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Re: use of RDRAND in $random_library

Gunnar Wolf <gwolf <at> gwolf.org> writes:

> using entropy to seed a PRNG, if you have several shitty entropy
> sources and one _really_ good one, and you xor them all together, the
> resulting output is as random as the best of them. If your hardware

Your theory may be good, but we are talking about a scenario in
which at least one of the other sources may be not just “shitty
entropy” but “a bytestream specifically designed to counteract
entropy in the output stream of the XOR” (independence is needed).

You’d better use a mechanism that first hashes together the
“untrusted” sources¹ and only combine that with the “a bit
more trusted” entropy later, using appropriate algorithms.
Sure, XOR is fast, but arc4random on MirBSD performs pretty
well too (I get about 40 MiB/s easily… on old Pentium-M hardware).

① MirBSD first accumulates them, using a hash that is almost²
  Bob Jenkins’ one-at-a-time hash (plus, thanks for tytso for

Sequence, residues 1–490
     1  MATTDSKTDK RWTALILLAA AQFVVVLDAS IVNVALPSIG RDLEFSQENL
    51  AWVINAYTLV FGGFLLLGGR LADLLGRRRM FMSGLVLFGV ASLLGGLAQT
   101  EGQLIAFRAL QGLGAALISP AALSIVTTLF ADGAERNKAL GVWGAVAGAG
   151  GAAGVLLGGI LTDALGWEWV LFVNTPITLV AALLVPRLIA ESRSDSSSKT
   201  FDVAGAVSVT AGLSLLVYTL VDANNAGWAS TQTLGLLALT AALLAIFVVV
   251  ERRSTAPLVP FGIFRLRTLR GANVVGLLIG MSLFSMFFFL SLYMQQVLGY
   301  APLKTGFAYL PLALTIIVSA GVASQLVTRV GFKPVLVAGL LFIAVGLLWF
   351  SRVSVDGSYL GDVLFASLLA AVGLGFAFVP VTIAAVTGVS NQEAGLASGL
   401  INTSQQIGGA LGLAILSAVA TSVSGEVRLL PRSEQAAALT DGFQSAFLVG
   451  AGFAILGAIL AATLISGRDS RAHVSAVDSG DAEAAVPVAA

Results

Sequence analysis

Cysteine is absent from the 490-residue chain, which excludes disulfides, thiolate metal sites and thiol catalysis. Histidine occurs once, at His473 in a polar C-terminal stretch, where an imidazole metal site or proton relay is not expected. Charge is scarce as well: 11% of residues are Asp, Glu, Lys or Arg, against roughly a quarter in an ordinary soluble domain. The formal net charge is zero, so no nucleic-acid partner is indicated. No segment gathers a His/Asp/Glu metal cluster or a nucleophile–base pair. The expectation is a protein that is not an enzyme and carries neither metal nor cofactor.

pointing this out, some stirring) in an 128-byte buffer, no
  matter how fast they come in. Then, at most once a second,
  if the buffer has accumulated at least 128 bytes, this is
  mixed into an aRC4 structure which is never used directly
  (i.e. no costly “throw away initial keystream” and all that
  needed) but only used for contributing bytes to the “main”
  entropy pool (what is /dev/urandom in Linux) and the “real”
  aRC4 pool. (We don’t use XOR here either because we know
  they are not entirely independent… in fact we use this
  property to ensure some amount of stirring/mixing around.)

② It adds 1 in the initial step so that even adding a NUL byte
  to a 0x00000000 state contributes, and the finaliser step is
  replaced by AES’ MixColumn step, which is a bit slower, but
  has better mixing properties without losing anything from the
  original finalising step. Also, it is used during stirring the
  128-byte buffer.


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